Eline van der Kruk was born on the 14th of February in 1989 in Albrandswaard, the Netherlands. In 2007 she finished her high school degree with distinction, where she excelled in maths and physics. During her high school career she followed theatre school in her free time. This made her perform in three musicals and a play before the end of high school.
Summer 2007 she started a Bachelor in Industrial Design Engineering at the Delft University of Technology. Still hooked on mathematics and physics Eline took additional courses at the faculty for Mechanical Engineering. During her bachelor, in 2009, she took off to Sydney Australia for a minor in Design, where she took up photography. In 2011 she finished her Bachelor Degree with a bachelor thesis named ‘Design for an occlusion free ear-plug’ which was highly rated by the faculty and received the UfD-Imtech Bachelor Award. Her thesis was described as “an exceptional final bachelor’s research paper, which met the requirements of technical innovation, practical applicability, collaboration between disciplines, social relevance and daring.”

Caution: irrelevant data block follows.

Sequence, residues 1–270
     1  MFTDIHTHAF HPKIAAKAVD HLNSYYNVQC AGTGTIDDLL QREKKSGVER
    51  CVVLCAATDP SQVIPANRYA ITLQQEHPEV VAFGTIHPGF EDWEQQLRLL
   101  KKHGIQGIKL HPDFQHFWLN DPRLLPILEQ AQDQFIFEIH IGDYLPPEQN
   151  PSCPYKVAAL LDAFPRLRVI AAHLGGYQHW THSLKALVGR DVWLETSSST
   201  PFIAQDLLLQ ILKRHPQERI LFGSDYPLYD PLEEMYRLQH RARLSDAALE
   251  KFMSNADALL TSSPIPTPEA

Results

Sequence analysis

With the additional courses in mechanical engineering, Eline was accepted for the master Biomechanical Engineering at the TU Delft in 2011. Here she started specializing in sports engineering, first with an internship at the school of Sports and exercise sciences at the University of Birmingham, England. In 2013 she graduated as the ‘first sports engineer of the Netherlands ’with distinction. The name of her master thesis was ‘Modelling and Measuring three-dimensional movements of a speed skater.’ In this same year Eline started her PhD research on ‘providing real-time feedback for an improved skating performance’. One of the big accomplishments so far in the project was the set-up and coordination of a huge experiment in the indoor ice rink of Thialf. During overnight measurements (taking up four days), she measured the full-body kinetics of the Dutch elite speed skaters. It took another 15 people (out of three countries) to help her out during the measurements in order to capture all the data. Next to her time spend on her research, she can still be found in the theatres now and then, in the theatre show ‘the Science Battle’.